باورهای خوداثربخشی جمعی در تیم های کار دانش آموزان: ارتباط با خوداثربخشی انسجام و عملکرد
|کد مقاله||سال انتشار||مقاله انگلیسی||ترجمه فارسی||تعداد کلمات|
|26218||2006||12 صفحه PDF||سفارش دهید||5074 کلمه|
Publisher : Elsevier - Science Direct (الزویر - ساینس دایرکت)
Journal : Journal of Vocational Behavior, Volume 68, Issue 1, February 2006, Pages 73–84
A measure of collective efficacy was developed and administered to undergraduates working in project teams in engineering courses. Findings in each of two samples revealed that the measure contained a single factor and was related to ratings of team cohesion and personal efficacy. Collective efficacy was also found to relate to indicators of team performance at both individual and group levels of analysis. Consistent with social cognitive theory, collective efficacy was a stronger predictor of team performance than team members’ perceptions of their self-efficacy. We consider the implications of these findings for further research, theory, and practice on team functioning within occupational and educational settings.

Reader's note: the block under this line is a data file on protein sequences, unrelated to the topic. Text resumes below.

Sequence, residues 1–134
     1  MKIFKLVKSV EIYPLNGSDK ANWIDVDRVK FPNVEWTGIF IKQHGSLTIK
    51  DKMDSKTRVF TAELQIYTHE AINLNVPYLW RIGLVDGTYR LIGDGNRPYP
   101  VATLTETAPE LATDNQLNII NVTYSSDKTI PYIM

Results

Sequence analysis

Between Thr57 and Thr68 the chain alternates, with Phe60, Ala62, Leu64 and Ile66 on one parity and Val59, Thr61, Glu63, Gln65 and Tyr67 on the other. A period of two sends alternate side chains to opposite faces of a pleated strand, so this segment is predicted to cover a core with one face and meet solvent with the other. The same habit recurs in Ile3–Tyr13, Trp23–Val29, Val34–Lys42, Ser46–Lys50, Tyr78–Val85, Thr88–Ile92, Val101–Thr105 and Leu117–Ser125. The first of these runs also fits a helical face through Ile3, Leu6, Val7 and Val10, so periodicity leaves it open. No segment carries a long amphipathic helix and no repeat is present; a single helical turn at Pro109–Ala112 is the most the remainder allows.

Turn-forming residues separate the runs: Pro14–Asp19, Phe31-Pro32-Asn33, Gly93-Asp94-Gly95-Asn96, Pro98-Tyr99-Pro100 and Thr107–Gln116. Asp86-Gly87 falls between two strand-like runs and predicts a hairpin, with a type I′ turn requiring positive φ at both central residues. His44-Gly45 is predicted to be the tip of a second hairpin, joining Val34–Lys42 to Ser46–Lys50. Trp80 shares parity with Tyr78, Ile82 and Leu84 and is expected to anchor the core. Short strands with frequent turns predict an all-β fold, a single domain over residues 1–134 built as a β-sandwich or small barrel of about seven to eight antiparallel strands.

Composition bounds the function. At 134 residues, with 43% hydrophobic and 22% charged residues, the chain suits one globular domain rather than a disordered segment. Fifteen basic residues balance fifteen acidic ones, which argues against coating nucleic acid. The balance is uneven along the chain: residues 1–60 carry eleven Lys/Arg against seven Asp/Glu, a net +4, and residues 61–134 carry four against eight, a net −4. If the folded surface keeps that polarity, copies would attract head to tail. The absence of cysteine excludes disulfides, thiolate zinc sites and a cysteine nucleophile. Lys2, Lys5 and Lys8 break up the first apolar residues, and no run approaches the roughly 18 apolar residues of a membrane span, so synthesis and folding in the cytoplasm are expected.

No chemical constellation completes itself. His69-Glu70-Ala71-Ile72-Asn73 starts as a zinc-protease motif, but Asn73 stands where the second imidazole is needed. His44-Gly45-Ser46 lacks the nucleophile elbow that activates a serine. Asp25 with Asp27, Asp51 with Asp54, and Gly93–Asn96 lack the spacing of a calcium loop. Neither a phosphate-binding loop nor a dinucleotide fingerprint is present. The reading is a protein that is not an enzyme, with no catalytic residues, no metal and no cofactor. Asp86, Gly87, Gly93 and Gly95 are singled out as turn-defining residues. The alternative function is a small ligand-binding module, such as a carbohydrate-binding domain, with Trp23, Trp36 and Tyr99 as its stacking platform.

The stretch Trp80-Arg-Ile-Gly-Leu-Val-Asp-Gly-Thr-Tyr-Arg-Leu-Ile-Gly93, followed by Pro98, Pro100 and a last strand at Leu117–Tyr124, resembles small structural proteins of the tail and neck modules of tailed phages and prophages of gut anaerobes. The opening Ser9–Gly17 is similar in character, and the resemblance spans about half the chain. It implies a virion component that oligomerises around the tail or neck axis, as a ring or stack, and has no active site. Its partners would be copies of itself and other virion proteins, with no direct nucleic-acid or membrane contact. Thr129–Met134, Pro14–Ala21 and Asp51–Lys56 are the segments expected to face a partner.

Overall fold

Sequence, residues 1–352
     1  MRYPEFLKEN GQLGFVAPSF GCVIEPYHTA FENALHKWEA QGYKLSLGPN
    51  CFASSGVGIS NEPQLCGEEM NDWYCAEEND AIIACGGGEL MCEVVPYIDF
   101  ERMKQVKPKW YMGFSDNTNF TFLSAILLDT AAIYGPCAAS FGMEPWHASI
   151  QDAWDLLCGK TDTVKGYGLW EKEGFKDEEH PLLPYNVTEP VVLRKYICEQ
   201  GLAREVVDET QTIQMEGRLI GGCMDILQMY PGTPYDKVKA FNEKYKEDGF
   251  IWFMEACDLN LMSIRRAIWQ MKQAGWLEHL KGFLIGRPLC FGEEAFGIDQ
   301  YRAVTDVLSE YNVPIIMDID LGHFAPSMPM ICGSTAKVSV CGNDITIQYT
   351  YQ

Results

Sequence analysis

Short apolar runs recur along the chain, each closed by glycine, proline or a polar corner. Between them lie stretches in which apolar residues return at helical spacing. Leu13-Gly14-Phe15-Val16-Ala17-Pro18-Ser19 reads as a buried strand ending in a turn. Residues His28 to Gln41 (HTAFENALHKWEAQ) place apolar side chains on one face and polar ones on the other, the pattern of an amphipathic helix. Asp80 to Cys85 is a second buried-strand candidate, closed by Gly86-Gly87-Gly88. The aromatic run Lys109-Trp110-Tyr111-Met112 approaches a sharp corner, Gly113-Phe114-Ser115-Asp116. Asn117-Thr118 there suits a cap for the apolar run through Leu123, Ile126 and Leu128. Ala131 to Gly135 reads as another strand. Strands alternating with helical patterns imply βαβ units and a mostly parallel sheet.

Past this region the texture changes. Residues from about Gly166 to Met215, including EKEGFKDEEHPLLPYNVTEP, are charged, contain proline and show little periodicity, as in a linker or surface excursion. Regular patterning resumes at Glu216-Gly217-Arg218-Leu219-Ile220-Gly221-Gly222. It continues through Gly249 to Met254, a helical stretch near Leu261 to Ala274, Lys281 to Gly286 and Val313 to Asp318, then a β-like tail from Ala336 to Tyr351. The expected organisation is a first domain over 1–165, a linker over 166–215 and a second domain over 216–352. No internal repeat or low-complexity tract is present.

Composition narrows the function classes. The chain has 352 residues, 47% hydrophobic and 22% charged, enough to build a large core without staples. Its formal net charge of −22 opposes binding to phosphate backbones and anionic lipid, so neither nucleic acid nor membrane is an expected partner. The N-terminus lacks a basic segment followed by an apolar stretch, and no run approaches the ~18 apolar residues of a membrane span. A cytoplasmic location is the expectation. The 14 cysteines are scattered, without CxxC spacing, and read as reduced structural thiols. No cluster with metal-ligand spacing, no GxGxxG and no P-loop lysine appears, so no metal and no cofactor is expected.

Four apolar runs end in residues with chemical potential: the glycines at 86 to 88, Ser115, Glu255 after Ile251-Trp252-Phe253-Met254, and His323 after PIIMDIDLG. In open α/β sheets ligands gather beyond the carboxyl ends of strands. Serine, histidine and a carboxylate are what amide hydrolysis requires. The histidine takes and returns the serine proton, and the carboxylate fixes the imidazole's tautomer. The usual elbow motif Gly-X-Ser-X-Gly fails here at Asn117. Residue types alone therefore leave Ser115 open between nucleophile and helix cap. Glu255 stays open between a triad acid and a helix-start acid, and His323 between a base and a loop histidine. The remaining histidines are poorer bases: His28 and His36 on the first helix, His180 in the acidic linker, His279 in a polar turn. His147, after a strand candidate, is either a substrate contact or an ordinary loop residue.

Social cognitive theory (Bandura, 1986 and Bandura, 1997) is an influential approach to understanding the psychological and social processes involved in human motivation, self-regulation, choice, and performance. A large body of research has accumulated relating social cognitive variables, especially self-efficacy, to various aspects of educational and career behavior (e.g., Lent et al., 2002 and Stajkovic and Luthans, 1998). The focus of this literature has been on the relation of social cognitive variables to outcomes achieved by students and workers as individuals. Such a focus is understandable given that vocational and educational psychologists have traditionally been concerned with maximizing the development and remediating the problems of individuals, and that prevalent reward mechanisms in educational and work settings (e.g., grades, salaries) tend to be linked to the quality of individuals’ performance and achievement. However, group processes have been garnering increasing attention among educational and organizational scholars in recent years, reflecting the growing popularity of team approaches to learning and working (e.g., Stajkovic & Lee, 2001). Although research on social cognitive theory has emphasized individual-level mechanisms (e.g., self-efficacy) and outcomes, the theory is also concerned with how people work together within teams and other social units. For instance, collective efficacy, the group counterpart to self-efficacy, is a key social cognitive element that may help to explain how groups function more or less well together. Bandura (1997) defined collective efficacy as a “group’s shared beliefs in its conjoint capabilities to organize and execute the courses of action required to produce given levels of attainments” (p. 477). In contrast to self-efficacy, which involves a person’s beliefs about his or her ability to perform particular behaviors individually, collective efficacy refers to group members’ aggregate beliefs about how they can perform as a unit. The literature on collective efficacy has grown much more slowly than that of self-efficacy, but its research base has expanded considerably in recent years and it has proven to be a very flexible group-level explanatory construct, finding application to groups of diverse size, function, and organizational context ( Zaccaro, Blair, Peterson, & Zazanis, 1995). While effect sizes vary from study to study and not all studies have demonstrated impressive collective efficacy-criterion relations (e.g., Lee et al., 2002 and Riggs and Knight, 1994), collective efficacy has been reliably linked to (a) antecedent factors (e.g., prior group achievement, Goddard, 2001; training, Gibson, 2001; self-efficacy, Fernandez-Ballesteros, Diez-Nicolas, Caprara, Barbaranelli, & Bandura, 2002); (b) group process and environment factors (e.g., team cohesion, Paskevich, Brawley, Dorsch, & Widmeyer, 1999; leadership climate, Chen & Bliese, 2002); (c) affective outcomes (e.g., job satisfaction, psychological strain, organizational commitment, Jex & Bliese, 1999); and (d) group performance (Gibson, 2001, Goddard, 2001 and Parker, 1994). Stajkovic and Lee (2001) recently reported a meta-analysis of collective efficacy-performance relations, involving data from 35 studies (including 67 correlation estimates and nearly 3000 groups with an average size of 3.8 members per group). They found an average correlation between collective efficacy and performance of .45. Thus, across the set of studies, collective efficacy accounts for roughly 20% of the variance in group performance, representing a moderately strong effect size. Consistent with expectations, task interdependence was found to moderate collective efficacy-group performance relations, with stronger relations under conditions where tasks require high versus low member coordination. Collective efficacy-performance relations did not differ substantially as a function of study design characteristics (e.g., experimental vs. correlational studies) or type of sample (student vs. managerial/professional groups). A separate meta-analysis by Gully, Incalcaterra, Joshi, and Beaubien (2002) reported similar relations of collective efficacy to performance (corrected mean correlation of .41). They also confirmed the finding that high-interdependence groups produce larger collective efficacy-performance relations than do low-interdependence groups. In addition to interdependence, Gully et al.’s meta-analysis tested level of analysis as an effect size moderator, finding that collective efficacy relates more highly to performance at the team than at the individual level of analysis. (In the individual level of analysis, individual team members’ ratings were correlated with performance; in the group level of analysis, team ratings were combined across team members to produce aggregate percepts of team capabilities.) Although collective efficacy has not yet been applied to the context of engineering education, there has been growing emphasis on student acquisition of team skills and experience in engineering education within recent years (ABET, 2000). Mirroring the importance of work teams in the engineering workplace, student project teams are designed to enhance the learning process by enabling students to develop skills at managing team interactions. Use of teams also allows students to work on more realistic engineering problems (e.g., design of a bridge vs. the sizing of one beam). However, team interpersonal dynamics often pose unique challenges for students and professors, such as how to handle inter-member conflicts and ensure that all students are contributing to, and profiting from, the team experience (Brannick et al., 1993 and Society of Manufacturing Engineers, 1997). Much is yet to be learned about what factors enhance team functioning and how such factors can be intentionally fostered by professors and team members. It therefore seems important to study group-level variables, such as collective efficacy, that may both shed light on project team functioning and suggest ways to assist teams to work together more effectively. In the present study, we sought to examine the factor structure, correlates, and predictive validity of a novel measure of collective efficacy within the context of student project teams in engineering. Specifically, we first developed a measure of collective efficacy beliefs linked to student team functioning and administered it, along with measures of self-efficacy and group process (team cohesion) to students enrolled in a freshman engineering course involving student project teams. Since it has been suggested that a team’s collective efficacy is likely to derive from such sources as the self-efficacy of its individual members (Bandura, 1997) and perceptions of team cohesion (Zaccaro et al., 1995), we expected individuals’ collective efficacy percepts to relate to their personal efficacy beliefs and team cohesion ratings. We also explored the relations of team members’ aggregate collective efficacy estimates to their ratings of self-efficacy, team cohesion, and performance, as well as to external (instructor) ratings of team performance. Based on theory and prior findings, we expected that collective efficacy beliefs would (a) be predicted by the combination of cohesion and self-efficacy, (b) be predictive of team performance as assessed both by team members and course instructors, and (c) serve as stronger predictors of team performance than do percepts of self-efficacy.